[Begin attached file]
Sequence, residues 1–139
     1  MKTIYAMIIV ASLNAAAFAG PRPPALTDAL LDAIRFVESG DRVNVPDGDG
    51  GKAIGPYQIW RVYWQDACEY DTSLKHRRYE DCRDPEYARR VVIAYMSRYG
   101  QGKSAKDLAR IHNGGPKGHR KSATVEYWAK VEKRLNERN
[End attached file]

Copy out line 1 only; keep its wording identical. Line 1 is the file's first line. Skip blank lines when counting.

Sequence, residues 1–139